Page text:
When two companies announce that they’re working together in a strategic partnership, the question on many lips is, “Is it real or is it marketing hype?” Our partnership with Microsoft is very real. In the six months since the initial announcement was made in September, we’ve brought to market the first set of joint offerings; and, at Microsoft’s Build event earlier this month, Adobe’s CTO, Abhay Parasnis, joined Microsoft’s EVP of Cloud and Enterprise, Scott Guthrie, onstage in the keynote to share the details of the partnership with Microsoft’s developer community.

What’s in It for Developers?
The partnership presents huge potential for the developer community. Building on both companies’ strong track records in enterprise applications, data science, and machine learning, Adobe and Microsoft are collaborating on a semantic data model that promises to transform enterprise integration — aimed at understanding and driving real-time customer engagement. This model will standardize how data is structured and vastly expedite the process of gaining insights from massive amounts of data, providing developers with opportunities to innovate and deliver new, reimagined solutions for their customers.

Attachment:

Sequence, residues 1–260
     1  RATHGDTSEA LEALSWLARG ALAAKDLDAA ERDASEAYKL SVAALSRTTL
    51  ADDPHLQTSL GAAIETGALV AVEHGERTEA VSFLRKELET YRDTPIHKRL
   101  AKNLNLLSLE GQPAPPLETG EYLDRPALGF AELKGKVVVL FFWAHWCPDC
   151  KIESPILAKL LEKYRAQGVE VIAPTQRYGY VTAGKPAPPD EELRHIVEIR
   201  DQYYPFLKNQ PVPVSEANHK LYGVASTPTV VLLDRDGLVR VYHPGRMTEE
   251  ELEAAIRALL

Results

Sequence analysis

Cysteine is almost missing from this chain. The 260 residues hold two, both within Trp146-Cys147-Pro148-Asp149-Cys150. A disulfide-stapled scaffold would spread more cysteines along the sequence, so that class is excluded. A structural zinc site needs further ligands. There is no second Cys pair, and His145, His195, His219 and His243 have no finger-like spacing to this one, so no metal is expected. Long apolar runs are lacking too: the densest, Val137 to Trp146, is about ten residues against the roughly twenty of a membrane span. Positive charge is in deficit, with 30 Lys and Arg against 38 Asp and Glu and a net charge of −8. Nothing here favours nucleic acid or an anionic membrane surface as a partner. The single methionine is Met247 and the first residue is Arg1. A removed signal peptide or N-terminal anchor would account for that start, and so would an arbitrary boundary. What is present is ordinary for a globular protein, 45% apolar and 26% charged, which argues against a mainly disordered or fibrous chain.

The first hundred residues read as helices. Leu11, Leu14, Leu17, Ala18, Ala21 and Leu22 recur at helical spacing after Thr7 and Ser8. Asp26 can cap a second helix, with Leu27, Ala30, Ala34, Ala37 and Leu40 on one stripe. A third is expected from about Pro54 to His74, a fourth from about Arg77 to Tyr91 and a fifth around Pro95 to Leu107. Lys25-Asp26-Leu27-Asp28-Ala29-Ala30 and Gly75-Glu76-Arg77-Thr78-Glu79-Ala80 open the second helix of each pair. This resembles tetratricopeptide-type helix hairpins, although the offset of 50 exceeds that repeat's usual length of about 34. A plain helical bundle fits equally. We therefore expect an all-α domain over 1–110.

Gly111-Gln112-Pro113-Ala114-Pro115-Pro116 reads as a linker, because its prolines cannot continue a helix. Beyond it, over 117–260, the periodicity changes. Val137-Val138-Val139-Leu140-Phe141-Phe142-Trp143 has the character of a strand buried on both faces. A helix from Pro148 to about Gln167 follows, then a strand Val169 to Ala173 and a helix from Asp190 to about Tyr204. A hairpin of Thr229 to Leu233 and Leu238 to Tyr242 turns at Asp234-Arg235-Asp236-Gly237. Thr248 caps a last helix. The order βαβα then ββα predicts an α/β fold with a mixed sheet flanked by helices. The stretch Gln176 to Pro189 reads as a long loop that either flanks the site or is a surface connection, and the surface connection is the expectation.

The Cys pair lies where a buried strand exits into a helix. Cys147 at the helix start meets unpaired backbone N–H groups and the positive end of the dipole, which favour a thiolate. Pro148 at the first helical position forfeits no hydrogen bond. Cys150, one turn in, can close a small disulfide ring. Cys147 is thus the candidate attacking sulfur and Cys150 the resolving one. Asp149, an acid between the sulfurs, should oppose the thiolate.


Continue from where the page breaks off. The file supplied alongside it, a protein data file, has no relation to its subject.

This is how enterprises will enrich customer experiences.

With Adobe Experience Cloud, Creative Cloud, and Document Cloud, we’re using massive volumes of content and data in incredibly rich ways. A big part of the attraction of this partnership with Microsoft was Azure and the rich services it enables — such as Data Lake and Data Factory, both of which make it easier and faster to develop solutions that store data of any size or shape and to compose and manage data services at scale. We are incredibly excited about what it will enable us to do internally with our Adobe portfolio.